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Netanyahu: Normalizing Israeli-Saudi relations would end the Arab-Israeli conflict

The next Israeli prime minister said an accord is in reach and would yield widespread peace

Incoming Israeli Prime Minister Benjamin Netanyahu said Wednesday that he believes a normalization agreement between Israel and Saudi Arabia is within reach and would effectively “end the Arab-Israeli conflict.”

Netanyahu, speaking from Israel at an online event hosted by Temple Emanu-El’s Streicker Center, reminded an online audience of nearly 300 people that the Abraham Accords were negotiated by the administration of former President Donald Trump when he was prime minister.

“It didn’t happen without Saudi approval because those countries wanted to know what their big neighbor Saudi Arabia thought about it,” he said. “I can assure you, it wasn’t negative.”

He added that as a prelude to the Abraham Accords — which normalized relations between Israel the UAE, Bahrain, Morocco and Sudan — Saudi Arabia permitted aircraft to fly over its airspace while coming to and leaving Israel.

Netanyahu, following his Likud party’s success in last week’s elections, is expected to lead the next Israeli government. Wednesday’s online event, organized with the National JCC Literary Consortium and the Jewish National Fund-USA, promoted his new memoir, “Bibi: My Story.”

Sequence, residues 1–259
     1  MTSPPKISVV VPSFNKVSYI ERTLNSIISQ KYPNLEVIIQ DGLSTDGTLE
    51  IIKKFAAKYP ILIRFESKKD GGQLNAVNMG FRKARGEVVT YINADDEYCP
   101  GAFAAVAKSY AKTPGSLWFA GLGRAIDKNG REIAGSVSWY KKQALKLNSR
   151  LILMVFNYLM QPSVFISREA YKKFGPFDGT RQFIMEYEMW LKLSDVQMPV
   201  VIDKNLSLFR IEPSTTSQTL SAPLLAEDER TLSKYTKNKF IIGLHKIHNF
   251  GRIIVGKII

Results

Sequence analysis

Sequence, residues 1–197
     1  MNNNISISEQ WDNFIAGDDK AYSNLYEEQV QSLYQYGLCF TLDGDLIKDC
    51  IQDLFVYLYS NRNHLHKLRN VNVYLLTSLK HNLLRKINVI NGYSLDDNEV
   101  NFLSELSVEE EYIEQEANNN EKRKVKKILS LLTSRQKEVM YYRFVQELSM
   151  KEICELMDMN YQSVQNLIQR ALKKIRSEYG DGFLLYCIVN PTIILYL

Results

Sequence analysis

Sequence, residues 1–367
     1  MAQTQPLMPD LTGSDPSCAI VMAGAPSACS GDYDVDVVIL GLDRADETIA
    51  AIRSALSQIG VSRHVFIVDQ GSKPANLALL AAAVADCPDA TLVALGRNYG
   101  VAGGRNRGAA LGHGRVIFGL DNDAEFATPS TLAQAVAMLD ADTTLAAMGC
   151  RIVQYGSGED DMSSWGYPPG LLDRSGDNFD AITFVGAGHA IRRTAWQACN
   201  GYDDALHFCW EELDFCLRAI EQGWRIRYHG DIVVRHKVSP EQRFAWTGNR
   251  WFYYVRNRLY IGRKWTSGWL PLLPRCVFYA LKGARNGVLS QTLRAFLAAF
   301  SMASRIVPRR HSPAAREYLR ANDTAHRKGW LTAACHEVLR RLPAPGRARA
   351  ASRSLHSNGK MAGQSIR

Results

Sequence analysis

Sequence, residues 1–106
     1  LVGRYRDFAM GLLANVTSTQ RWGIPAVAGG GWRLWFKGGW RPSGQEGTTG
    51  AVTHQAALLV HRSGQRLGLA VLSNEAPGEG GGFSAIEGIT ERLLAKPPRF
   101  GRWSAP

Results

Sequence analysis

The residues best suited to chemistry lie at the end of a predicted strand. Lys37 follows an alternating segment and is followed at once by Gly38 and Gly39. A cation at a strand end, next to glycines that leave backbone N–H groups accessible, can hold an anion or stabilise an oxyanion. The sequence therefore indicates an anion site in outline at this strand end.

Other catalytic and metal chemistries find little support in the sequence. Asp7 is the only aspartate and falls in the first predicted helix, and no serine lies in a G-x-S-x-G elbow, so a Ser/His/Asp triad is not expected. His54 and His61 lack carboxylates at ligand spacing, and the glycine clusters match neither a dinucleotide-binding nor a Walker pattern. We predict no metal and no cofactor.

Considered the most influential country in the Arab world, Saudi Arabia has never recognized Israel, but both countries share a bitter enemy in Iran.

Netanyahu on the campaign trail often spoke about improving relations with Saudi Arabia, and Biden administration officials have said that the U.S. would support the process. At the same time though, the White House has adopted a tougher approach to Saudi Arabia, for its manipulation of oil prices, and the murder of American journalist Jamal Khashoggi, among other issues.

Netanyahu on Wednesday also said that in making peace with Saudi Arabia, given its stature in the Middle East, Israel “will be effectively ending the Arab-Israeli conflict.”

“We already had peace decades ago with Jordan and Egypt,” he added. “So yes, I think it’s a worthy goal.”

Many Palestinians have critiqued the Abraham Accords for their failure to advance their cause, and in particular the founding of a Palestinian state.

Netanyahu lashed out at Palestinian leadership Wednesday, saying the path to peace is not through them. “The only way rejectionists can be overcome is by having a massive counterweight that would isolate them, and I believe that counterweight is going to be the Arab world.”

Commenting on the increase in antisemitism in the U.S. and elsewhere, Netanyahu encouraged American Jews to speak up forcefully.

“You are fortunate to live in a great free country and your voices can be heard and you should make them heard.”


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